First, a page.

Open Access enables heavy users with more than 1 MW connected load to buy cheap power from the open market. The concept is to allow the customers to choose from a number of competitive power companies, rather than being forced to buy power from the local utility monopoly. It not only helps the industrial & commercial consumers by ensuring regular electricity supply at competitive rates but also enhances the business of power markets. Open access helps consumers meet their Renewable Purchase Obligations (RPOs) as well.
A consumer with bulk load can avail the benefits of cheap and green solar power by either purchasing through the rooftop solar installation in its premises or buying from an offsite solar farm under open access. While open access does away with limitations of rooftop solar such as scalability and high capital expenditure, it is often exposed to unpredictable grid risks.
Open Access will ease the power shortage since a number of power producers like Solar energy companies can now transmit power from their solar parks to different load centers. Once the consumers are given the choice to purchase power from the open market, it will automatically lead to competitive pricing of electricity making electricity cost go down.
Open Access rights in India are governed by the Electricity Act 2003 which has laid down regulations for competition in the power market. Based on the location of the purchasing and selling entities, Open Access can be classified as follows:-
- Inter-State Open Access: In this, the purchasing and selling entities belong to different states and they have to follow Central Electricity Regulatory Commission (CERC) regulations. The purchase rights under inter-state open access can be for Short Term i.e. for less than a month period, Medium Term i.e. for 3 months to 3 years period and Long Term i.e. for twelve to twenty-five years period.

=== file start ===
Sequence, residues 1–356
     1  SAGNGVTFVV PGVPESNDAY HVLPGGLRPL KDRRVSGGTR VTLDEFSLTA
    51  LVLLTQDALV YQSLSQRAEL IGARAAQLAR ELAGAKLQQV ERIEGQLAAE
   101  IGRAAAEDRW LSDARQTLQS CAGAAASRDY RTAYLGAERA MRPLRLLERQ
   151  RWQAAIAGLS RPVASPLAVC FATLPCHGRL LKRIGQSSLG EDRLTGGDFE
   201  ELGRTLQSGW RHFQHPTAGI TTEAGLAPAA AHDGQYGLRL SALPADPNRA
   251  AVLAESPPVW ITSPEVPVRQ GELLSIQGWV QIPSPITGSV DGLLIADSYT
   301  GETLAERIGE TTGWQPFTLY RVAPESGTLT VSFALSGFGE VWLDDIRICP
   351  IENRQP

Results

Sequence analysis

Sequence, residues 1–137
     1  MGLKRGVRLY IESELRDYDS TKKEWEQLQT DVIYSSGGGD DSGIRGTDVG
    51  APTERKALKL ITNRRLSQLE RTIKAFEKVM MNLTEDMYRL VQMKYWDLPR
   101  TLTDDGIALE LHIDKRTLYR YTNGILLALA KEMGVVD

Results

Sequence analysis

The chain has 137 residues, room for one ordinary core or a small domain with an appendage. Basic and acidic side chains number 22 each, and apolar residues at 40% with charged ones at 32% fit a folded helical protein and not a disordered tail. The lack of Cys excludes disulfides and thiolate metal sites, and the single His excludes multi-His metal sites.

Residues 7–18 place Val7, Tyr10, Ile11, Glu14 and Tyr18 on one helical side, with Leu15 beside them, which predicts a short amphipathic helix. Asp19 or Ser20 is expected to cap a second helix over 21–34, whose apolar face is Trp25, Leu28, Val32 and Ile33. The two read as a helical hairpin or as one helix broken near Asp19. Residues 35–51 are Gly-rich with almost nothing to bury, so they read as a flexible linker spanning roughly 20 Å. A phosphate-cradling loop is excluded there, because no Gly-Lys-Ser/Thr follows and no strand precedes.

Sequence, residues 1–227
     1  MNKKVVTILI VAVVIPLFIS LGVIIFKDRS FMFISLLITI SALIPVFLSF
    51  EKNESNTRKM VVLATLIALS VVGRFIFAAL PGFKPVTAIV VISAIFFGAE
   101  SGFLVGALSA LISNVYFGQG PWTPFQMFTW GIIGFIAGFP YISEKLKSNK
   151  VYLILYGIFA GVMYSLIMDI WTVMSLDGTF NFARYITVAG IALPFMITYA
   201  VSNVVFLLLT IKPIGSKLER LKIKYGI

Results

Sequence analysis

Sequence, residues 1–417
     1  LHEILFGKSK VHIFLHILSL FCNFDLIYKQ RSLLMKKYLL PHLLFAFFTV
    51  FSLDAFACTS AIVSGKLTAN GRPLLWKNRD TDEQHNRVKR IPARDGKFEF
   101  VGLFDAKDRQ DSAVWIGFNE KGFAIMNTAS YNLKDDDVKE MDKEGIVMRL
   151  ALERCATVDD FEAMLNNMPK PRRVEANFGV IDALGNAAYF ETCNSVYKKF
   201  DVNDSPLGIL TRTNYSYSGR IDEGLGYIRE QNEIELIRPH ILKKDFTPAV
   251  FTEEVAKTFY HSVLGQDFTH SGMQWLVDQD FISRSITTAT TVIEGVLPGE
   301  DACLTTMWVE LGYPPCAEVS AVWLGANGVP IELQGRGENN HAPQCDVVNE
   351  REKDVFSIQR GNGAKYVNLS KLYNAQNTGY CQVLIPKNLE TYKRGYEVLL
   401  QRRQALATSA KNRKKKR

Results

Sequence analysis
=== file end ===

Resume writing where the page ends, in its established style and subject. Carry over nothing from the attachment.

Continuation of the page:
- Intra-State Open Access: As evident from the name, the purchasing and selling entities, in this case, belong to the same state. It follows State Electricity Regulatory Commission (SERC) regulations. It can also be classified as Short Term, Medium Term and Long Term where the durations of these terms vary based on the regulations of respective states.
The buyer and seller of electricity can opt for either collective or bilateral transactions. In collective transaction, the trading of electricity is facilitated through exchanges with a very small margin fixed towards exchange members. In case of a bilateral transaction, a Power Purchase Agreement is signed between the seller and the consumer for buying power at mutually agreed tariff for a predetermined number of years. Many of the leading solar players under the OPEX model in India are resorting to bilateral agreements for tariff determination with commercial and industrial clients.
As discussed earlier, operators under open access have to incur various charges for using the grid. These charges can vary from state to state and are lesser in states with stable grid and favorable regulatory regime. In case of solar power, the state-wise open access charges can vary from as low as INR 0.2/KWh in Andhra Pradesh to >INR 1.5/KWh in Uttarakhand. Most of the open access solar projects in India are currently in Madhya Pradesh, Andhra Pradesh, Karnataka, and Chhattisgarh.
Going forward, a supportive regulatory regime from the state electricity authorities combined with better grid stability can make long-term open access projects viable. These changes will facilitate more projects from the renewable energy companies who are taking huge upfront risks at present and will definitely upgrade the state of power trading in the country.